About two dozen people made an appearance at the Cartersville Civic Center Tuesday evening for a Bartow Diversity: Open Forum discussion on contemporary racial relations within the …
About two dozen people made an appearance at the Cartersville Civic Center Tuesday evening for a Bartow Diversity: Open Forum discussion on contemporary racial relations within the community.
“We’d like to have some conversation out of our own experiences, with an emphasis on listening,” said coordinator Louis Tonsmeire. “That’s awfully scarce nowadays. We seem to be debating rather than listening.”
Attendees paired off into two- and three-person groups to answer prompts from Tonsmeire, such as when they first became aware of racial division and in what ways they see — or even experience — segregation today.
Each individual within the groups had about three minutes to speak their minds on several topics.
“It’s not to win a debate, it’s not to convince people of any ideas, it’s not to suggest that somebody’s experience is not good,” Tonsmeire said. “It’s being able to hear from one another and learn how those experiences shape us and how it adds to the richness of our lives together.”
Attendee Alan Morgan, who grew up in Flint, Michigan, in the 1940s, recalled hearing stories from his mother about his father’s childhood experiences in the Jim Crow South.
“My father, when he was a boy — they had lived in Evansville, Indiana, at the time — they sent him down to Traskwood, Arkansas, to live with his uncle,” he recounted. “They would take him out hunting, but what he was hunting was black people. And they would shoot to kill. I heard that from my mother, and that kind of made me ashamed for the rest of my days.”
As attendee Mina Harper observed, the exercise demonstrated not just a difference in perspectives based on race, but along generational lines as well.
“When I went through school, it was segregated and we were not taught anything — we lived under segregation,” she said. “But I looked at the study sheet of my 10-year-old grandchildren for their social studies, and it said the Civil War, Reconstruction, Jim Crow laws, segregation … my granddaughter said ‘I don’t know what we’re studying next.’ I said ‘Probably integration,’ so now, they’re being taught.”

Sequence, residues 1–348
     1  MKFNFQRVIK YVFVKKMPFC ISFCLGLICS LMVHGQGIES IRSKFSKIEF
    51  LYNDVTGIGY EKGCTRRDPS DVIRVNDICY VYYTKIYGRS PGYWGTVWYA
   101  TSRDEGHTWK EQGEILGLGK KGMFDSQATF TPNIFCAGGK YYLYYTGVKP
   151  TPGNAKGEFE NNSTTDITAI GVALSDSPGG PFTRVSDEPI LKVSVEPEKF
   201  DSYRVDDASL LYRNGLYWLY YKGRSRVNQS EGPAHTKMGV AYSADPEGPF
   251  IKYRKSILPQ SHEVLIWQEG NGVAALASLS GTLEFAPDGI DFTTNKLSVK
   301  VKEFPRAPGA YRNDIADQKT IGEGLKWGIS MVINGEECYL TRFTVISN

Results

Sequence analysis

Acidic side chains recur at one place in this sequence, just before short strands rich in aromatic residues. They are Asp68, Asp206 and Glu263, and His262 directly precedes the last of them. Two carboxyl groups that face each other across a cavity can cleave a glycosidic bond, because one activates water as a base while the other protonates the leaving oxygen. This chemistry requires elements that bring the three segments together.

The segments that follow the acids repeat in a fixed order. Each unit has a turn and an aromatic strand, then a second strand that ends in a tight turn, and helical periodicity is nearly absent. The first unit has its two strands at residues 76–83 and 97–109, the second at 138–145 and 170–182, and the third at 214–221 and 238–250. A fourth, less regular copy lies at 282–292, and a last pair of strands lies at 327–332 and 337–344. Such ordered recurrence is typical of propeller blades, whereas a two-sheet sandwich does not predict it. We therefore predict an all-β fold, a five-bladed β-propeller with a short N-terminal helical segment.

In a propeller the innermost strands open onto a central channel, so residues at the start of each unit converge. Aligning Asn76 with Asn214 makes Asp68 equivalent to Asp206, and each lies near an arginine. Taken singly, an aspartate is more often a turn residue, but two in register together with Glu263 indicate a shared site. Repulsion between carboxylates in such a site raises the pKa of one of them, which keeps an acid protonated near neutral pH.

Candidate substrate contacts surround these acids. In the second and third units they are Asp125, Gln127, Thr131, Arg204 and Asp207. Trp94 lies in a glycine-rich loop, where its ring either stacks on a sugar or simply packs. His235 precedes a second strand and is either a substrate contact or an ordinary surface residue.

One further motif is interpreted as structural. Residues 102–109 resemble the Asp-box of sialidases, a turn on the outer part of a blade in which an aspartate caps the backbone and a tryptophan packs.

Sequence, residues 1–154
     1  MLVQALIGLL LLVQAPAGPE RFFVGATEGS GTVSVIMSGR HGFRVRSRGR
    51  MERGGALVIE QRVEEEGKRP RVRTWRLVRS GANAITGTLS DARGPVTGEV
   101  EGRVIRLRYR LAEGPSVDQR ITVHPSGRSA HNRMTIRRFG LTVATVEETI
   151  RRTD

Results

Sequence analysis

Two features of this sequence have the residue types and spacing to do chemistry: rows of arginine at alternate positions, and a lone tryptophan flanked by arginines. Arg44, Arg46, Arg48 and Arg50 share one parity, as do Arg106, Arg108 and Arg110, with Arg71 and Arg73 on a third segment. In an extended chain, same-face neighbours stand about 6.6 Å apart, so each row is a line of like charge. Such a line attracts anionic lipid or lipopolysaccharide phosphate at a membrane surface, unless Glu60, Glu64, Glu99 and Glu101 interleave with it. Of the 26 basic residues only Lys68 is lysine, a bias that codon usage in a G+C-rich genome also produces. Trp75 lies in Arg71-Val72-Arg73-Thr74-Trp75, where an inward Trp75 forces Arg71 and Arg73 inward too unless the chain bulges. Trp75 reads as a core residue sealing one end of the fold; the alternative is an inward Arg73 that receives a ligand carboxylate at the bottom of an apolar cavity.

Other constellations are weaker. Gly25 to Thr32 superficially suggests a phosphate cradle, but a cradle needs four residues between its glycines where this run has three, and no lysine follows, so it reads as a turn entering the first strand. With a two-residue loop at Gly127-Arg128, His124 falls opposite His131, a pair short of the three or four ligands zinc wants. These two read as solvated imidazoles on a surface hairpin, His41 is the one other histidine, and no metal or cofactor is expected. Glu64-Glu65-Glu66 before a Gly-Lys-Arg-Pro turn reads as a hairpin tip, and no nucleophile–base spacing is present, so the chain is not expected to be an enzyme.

Tonsmeire said communities have long been in denial about the state of race relations — going back not just years, but decades.
“I was in the seventh grade and social studies was that America is a great melting pot, like a pot of soup, with all the ingredients mixed together,” he said. “I raised my hand and said ‘There must be two pots.’”
Attendee Carolina Bradley says she still feels a palpable air of uneasiness when it comes to racial relations in the community today.
“Sometimes, I personally am a little bit reserved when I’m out in public, and with certain people I’m expecting the negative from them,” she said. “So we spoke about not going in with a positive mindset … don’t just go in there with the negative mindset, just thinking that somebody’s going to say something to you or talk down to you or look at other people that way.”
Many attendees, however, suggested that the big dividing line in contemporary society has more to do with socioeconomic status than ethnic or racial identity.
But as attendee Ahmad Hall stated, class was certainly a factor when it came to the deeply segregated Deep South, as well. “The Ku Klux Klan wasn’t just for anybody, it was the elite,” he said. “It was the businesspeople, it was the mayor.”
The notion was seconded by attendee Todd Dean.
“Yes, black people fought for equality, but it’s not just about black people anymore,” he said. “It’s a status thing.”
Dean said he’d like to see a greater emphasis placed on “leveling the playing field” for young people in the community when it comes to resources.
“If you’re poverty-stricken, there’s certain resources you can’t have, if you’re black, there’s certain things you can’t have access, if you’re Hispanic there’s certain things you can’t have access,” he said.
When asked where they witnessed the most racial separation in modern society, several attendees echoed Dr. Martin Luther King Jr.’s famous quote about 11 a.m. on Sunday morning being “the most segregated hour in America.”
“Me and Mrs. Tonsmeire were talking about church, and how the only time white people and black people really get together for church is for a holiday or MLK Day,” Dean said. “To build those relationships, I think it’s important for us to worship together … it’s the place where you learn your principles, your morals and that’s where your belief system starts.”